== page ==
LOUISIANA — Louisiana’s coastal-area nursing homes are better prepared to evacuate their residents than they were before hurricanes Katrina and Rita, officials said Tuesday.
But if those plans fall through, the state is preparing to back them up with transportation.
Also new to the mix is a triage center to be established in Baton Rouge to treat those evacuees physically unable to withstand lengthy trips to shelters in other parishes.
Many of the changes are the result of new laws and regulations enacted after the deaths of nursing home residents during Hurricane Katrina, including the highly publicized case of St. Rita’s Nursing Home in St. Bernard Parish, where 35 of the home’s residents died.
The owners of the home were found innocent of negligent homicide in a 2007 trial after they were criminally charged by the state Attorney General’s office.
The state Department of Health and Hospitals did not track how many other nursing home evacuees died in the aftermath of the storms, DHH Public Information Officer Jolie Adams said.
State Health Officer Dr. Jimmy Guidry said if a nursing home’s transportation plans fall through right before the approach of a hurricane, the state can provide buses to evacuate nursing home residents to some point north.
Guidry also said that if a mandatory evacuation is issued for an area with a nursing home, the nursing home must evacuate the residents.
“Before Katrina, it was up to the nursing home. If they don’t evacuate now, they are on their own,” Guidry said.
Joe Donchess, executive director of the Louisiana Nursing Home Association, said he has talked to a lot of nursing home owners and not one has said they won’t evacuate if a mandatory evacuation is ordered for their area.
Guidry spoke about the nursing home backup plan Tuesday at an emergency evacuation bus triage drill behind the John M. Parker Agricultural Center at LSU.
Guidry said the state’s triage plan is a lesson learned in the wake of Hurricane Katrina.
“If people get here at the triage point and they are sick, we can make sure they can continue on the trip without getting sicker,” Guidry said.
Under the triage plan, the state Department of Transportation and Development has a contract for 700 out-of-state coach buses. The buses will be sent to parish pickup points to transport people of any age who don’t have transportation to evacuate north.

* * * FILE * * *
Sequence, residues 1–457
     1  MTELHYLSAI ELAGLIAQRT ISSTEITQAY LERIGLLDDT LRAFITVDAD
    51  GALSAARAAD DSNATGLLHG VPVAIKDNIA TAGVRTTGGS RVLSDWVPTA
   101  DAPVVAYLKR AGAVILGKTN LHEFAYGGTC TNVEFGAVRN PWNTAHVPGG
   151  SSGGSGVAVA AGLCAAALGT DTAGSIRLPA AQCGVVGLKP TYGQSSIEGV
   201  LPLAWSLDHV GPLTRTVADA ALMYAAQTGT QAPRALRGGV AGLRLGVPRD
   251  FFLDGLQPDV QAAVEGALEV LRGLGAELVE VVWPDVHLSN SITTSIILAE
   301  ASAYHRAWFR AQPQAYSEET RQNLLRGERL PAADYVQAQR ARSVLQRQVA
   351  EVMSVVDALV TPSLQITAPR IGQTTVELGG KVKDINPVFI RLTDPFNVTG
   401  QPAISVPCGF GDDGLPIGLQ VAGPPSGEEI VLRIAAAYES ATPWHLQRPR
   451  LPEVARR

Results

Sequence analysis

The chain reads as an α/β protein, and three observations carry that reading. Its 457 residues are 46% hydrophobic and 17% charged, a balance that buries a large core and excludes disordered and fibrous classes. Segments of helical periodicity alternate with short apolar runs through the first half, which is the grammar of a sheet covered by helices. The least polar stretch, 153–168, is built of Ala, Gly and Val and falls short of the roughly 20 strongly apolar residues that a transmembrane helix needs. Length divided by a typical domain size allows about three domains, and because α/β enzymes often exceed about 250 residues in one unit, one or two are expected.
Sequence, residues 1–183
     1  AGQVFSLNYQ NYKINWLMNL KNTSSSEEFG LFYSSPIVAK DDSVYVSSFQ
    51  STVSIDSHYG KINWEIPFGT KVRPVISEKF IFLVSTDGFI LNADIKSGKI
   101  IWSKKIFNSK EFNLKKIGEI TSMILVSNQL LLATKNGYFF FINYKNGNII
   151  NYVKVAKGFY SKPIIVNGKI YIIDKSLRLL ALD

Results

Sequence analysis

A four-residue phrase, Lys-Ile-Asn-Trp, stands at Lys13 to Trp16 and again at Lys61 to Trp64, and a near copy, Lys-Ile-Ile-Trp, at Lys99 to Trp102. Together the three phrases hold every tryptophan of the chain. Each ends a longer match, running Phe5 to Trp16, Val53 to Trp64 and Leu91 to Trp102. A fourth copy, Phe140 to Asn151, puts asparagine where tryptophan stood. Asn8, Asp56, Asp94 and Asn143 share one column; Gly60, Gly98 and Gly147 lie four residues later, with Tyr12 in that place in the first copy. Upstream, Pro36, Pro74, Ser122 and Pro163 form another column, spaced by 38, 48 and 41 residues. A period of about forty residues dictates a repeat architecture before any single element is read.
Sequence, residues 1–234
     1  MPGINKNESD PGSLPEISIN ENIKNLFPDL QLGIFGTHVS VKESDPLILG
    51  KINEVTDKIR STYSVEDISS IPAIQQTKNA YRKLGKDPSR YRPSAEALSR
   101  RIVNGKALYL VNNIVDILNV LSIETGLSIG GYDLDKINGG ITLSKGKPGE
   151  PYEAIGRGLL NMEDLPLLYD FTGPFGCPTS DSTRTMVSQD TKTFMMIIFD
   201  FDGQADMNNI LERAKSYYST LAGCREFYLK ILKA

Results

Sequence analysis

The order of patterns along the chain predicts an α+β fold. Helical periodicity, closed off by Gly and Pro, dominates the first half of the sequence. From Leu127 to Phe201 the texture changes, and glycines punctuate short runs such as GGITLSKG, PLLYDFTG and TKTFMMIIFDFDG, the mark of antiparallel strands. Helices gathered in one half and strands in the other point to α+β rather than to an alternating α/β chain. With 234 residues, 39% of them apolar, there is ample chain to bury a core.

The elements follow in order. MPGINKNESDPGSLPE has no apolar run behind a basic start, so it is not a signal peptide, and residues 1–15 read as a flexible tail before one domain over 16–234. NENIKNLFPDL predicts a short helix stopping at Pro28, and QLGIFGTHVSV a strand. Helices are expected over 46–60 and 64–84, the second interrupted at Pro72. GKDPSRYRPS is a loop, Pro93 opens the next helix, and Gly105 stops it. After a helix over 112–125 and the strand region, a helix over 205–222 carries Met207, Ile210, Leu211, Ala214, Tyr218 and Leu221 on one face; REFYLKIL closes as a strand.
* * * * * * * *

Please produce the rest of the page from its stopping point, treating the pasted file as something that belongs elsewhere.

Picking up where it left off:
Parish officials will use school buses to transport residents to the local pickup point.
Paramedics and doctors check the status of passengers at each parish pickup point and then notify the bus driver about passengers with medical issues, Guidry said.
When buses hit Baton Rouge on the way north to shelters, medical personnel, including 30 to 50 paramedics, 50 volunteers and two to three doctors, will be on hand to determine if the passengers are healthy enough to continue or need to be transferred to a hospital or a medical special-needs shelter, Guidry said.
Ken Pastorick, public information officer for DHH’s Office of Public Health and Center For Community Preparedness, said the bus triage setup was not around during Hurricane Katrina.
“This allows us to be proactive and do something before the storm hits so folks don’t get sick on us,” Pastorick said.
Dr. Chris Trevino, who runs the emergency room at St. Elizabeth Hospital in Gonzales, created the bus triage center plan and is the incident commander of the site.
“Before, during Katrina, we did it all on the fly. Now we know what we are in for,” Trevino said.
Donchess, speaking in a telephone interview Tuesday about the new requirements for nursing homes, said, “So many things we have in place now have us much more prepared.”
Under a 2006 state law, nursing homes in 22 coastal parishes have to create emergency preparedness plans and submit them for review to DHH by March 1 of each year – three months before hurricane season begins.
The plans must include proof of transportation or a contract with a transportation company verified by a written agreement.
Before Hurricane Katrina, Adams said, coastal parish nursing homes were required to submit their evacuation plans only to their parish offices of emergency preparedness.
Under the new DHH regulations, the evacuation plans must include how many nursing home residents can ride a bus, how many need wheelchair-accessible vehicles, how many need transportation other than cars, buses or wheelchair vehicles but don’t need ambulances, and how many need ambulances.
The evacuation plans must also include a written contract or agreement with a site to shelter the residents outside the area of risk.
Color photo of David Armand, of Acadian Ambulance, readying Troy Hidalgo for transport Tuesday morning during a bus triage drill at LSU. The state Department of Health and Hospitals ran the drill to test a new plan to care for south Louisiana residents with medical problems going north before a hurricane strikes. Hidalgo played the part of a resident with her heart problems. Meanwhile, new state requirements should improve evacuations from coastal-area nursing homes. (By Arthur D. Lauck)